Last Saturday, more than 18,000 people packed the convention center in Denver to hear the Senator lay out his agenda for restoring our middle class, giving hope to the millions who are trying to keep their heads above water.
According to the Denver Post, Saturday's events "showcased" the differences in campaign styles. "Clinton's campaign hosted a small event that featured party leaders and teary families affected by gun violence" while Sanders had a huge rally a few hours later. That evening, both spoke at a Democratic Party dinner and fundraiser. Of course, Clinton has the support of Colorado's Democratic Party hierarchy.
A SuperTuesday state, Colorado holds a caucus on March 1st with 79 delegates at stake.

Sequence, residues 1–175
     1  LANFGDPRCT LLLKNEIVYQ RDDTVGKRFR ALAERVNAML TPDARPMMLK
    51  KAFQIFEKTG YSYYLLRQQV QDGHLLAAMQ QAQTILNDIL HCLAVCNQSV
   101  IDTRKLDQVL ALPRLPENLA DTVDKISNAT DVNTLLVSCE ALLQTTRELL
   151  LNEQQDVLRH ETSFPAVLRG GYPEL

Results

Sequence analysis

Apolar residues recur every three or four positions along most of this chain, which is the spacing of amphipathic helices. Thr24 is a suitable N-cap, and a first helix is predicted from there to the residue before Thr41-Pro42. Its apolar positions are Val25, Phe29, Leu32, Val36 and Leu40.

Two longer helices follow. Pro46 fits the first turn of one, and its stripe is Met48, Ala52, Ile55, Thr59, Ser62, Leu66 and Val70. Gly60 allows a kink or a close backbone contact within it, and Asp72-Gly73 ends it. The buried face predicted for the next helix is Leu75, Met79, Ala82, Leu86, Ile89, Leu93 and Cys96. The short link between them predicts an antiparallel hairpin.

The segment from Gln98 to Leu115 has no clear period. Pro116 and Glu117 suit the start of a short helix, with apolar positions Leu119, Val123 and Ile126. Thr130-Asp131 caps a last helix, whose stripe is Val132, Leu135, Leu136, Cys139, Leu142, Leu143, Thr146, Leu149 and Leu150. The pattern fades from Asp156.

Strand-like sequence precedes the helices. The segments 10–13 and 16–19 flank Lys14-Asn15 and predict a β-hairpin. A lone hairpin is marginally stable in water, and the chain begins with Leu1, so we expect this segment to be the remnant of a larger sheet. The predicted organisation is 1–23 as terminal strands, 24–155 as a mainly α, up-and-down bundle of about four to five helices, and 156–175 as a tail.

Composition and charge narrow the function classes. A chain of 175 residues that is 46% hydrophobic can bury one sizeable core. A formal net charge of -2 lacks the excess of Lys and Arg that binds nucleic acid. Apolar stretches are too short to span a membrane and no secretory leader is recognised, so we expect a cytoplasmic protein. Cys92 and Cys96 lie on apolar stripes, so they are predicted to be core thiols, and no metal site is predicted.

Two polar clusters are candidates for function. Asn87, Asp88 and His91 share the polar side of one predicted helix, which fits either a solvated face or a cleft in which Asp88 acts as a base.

On Sunday, using a bullhorn, Sanders spoke to 300 people, unable to get into Bonanza High School in Las Vegas, before he entered the gymnasium filled to capacity with 1,700 supporters.
The Nevada caucus will be held this Saturday but polling is very difficult in the state, especially in and around Las Vegas, because the area suffered from so many foreclosures. Nevertheless, Sanders is experiencing success in bringing caucus goers to his side.
A Clinton gaffe has undermined her support. In looking ahead to a possible tie with Bernie, she did not want a picture to emerge that she had lost the Latino and black vote -- supposedly her strongest constituencies -- so she put the fabrication out there for public consumption that "Nevada is 80% white." Understandably, this has been viewed as an insult by those same constituencies.